The most important thing that helped me to heal was focusing more on healing and rebuilding myself. Although I took time out to research and gain knowledge and understanding of the type of abuse I had been subjected to, I spent far more of my time indulging myself in whatever felt good for my soul.

Slowly and surely I rebuilt myself, formed new friendships, learned to trust people and forgave all of the past. There are still days that it haunts me, but there is a bright light at the end of the tunnel and although it can be difficult to believe that when you start walking through it, as soon as you take the first steps of acceptance the path ahead begins to become clear.

Healing comes by taking one small step at a time, with gentle, loving care and without hurry.

~ Elephant Journal via Alex Myles


Sadly it happened to me. It took me twenty years to wake up and gather all the courage I could muster to walk out and leave for good. Though not every instance of the story above is similar to mine -some of them are better a lot is worse- the experience is similar though different in context. I still suffering from the consequences of my bitter past. I still lock the door and sleep with a big knife under my pillow. I still have nightmares and trust issues and still blame myself for everything. I have no hope anymore that it will get better in time. I am too old and learned to live with the traumas. But who knows… maybe miracles do exist. I’d like to experience a day without me being in a fight or flight mode. I wonder how it is to feel safe. Normal and safe. – Bebong 

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Fraud

…that’s how I feel when someone gives me compliments and praises my abilities and achievements. I feel like a fraud, a pseudo, I don’t have so much belief in myself. I find that my capabilities are nothing to praise about. They are ordinary, common, anyone would be able to do them if they really want. I am not special, I am not unique. Most of the time I feel like a fake. What do you know, I can rhyme!  Even that is not noteworthy. Even children can do that. The easiest form of poetry I find. And haiku, they are easy to fabricate also. I’m sure you know the drill. What I’m talking about anyway. My life is the opposite of who and what I am. I’m masquerading through the days convincing myself that this is what I want even though my brain is shouting: “No, it’s not!” It’s for the best then I reason and on paper, and at first glance, it really is only it doesn’t feel that way and I find myself sinking deeper and deeper each day. Fading, till I am barely recognizable even to myself. Am I unhappy? What is that? First I have to know what happiness is before I can separate the two from each other. All I know is something doesn’t feel right. Like an itch that you cannot locate but it is definitely there somewhere and it’s driving you crazy. And there is this emptiness, a void that keeps getting bigger and bigger as the days, weeks, years pass by. My whole life is a fraud, not real, a fake, a pseudo of what I imagine or would like it to be. And I don’t know what to do to change that.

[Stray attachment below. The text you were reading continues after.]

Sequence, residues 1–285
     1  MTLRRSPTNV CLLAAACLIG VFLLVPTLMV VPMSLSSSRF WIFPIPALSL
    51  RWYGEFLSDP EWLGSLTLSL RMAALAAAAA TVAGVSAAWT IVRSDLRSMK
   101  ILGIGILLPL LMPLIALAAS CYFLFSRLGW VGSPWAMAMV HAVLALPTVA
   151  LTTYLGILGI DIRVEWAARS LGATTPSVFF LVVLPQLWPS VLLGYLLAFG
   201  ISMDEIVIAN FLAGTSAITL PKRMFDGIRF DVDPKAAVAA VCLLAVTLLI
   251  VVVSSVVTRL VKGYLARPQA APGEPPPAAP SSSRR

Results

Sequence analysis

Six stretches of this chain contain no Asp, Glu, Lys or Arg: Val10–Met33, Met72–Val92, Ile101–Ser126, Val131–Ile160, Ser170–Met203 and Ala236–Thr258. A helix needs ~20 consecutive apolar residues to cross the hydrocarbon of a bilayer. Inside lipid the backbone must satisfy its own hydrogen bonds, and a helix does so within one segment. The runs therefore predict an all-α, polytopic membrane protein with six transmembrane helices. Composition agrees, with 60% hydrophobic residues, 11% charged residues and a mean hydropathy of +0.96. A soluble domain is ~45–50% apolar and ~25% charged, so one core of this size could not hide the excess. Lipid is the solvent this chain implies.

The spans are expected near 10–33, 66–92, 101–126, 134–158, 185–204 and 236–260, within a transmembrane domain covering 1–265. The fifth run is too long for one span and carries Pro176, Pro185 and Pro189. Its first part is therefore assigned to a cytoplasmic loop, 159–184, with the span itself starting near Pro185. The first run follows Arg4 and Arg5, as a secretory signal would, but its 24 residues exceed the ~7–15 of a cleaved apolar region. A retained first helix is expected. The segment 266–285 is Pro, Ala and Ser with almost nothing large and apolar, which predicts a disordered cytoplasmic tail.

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Grainy

I feel like a fish out of water, a bird in the sea

But in the mirror is a girl who looks just like me

She goes through each day like she did before

Suddenly she just isn’t content anymore.

 

Each day is so fake, words are so hollow

She takes all this in, but it’s hard to swallow

Who is she, this girl that I see?

We look so alike, but how can this be?

 

I’m a horse in the city, a dog in a cage

A little girl in a body that’s three times my age

That’s not me in the mirror, no not at all

This girl hangs her head low, I held mine up tall.

 

How did I get so out of place

I want to look in the mirror and see my real face.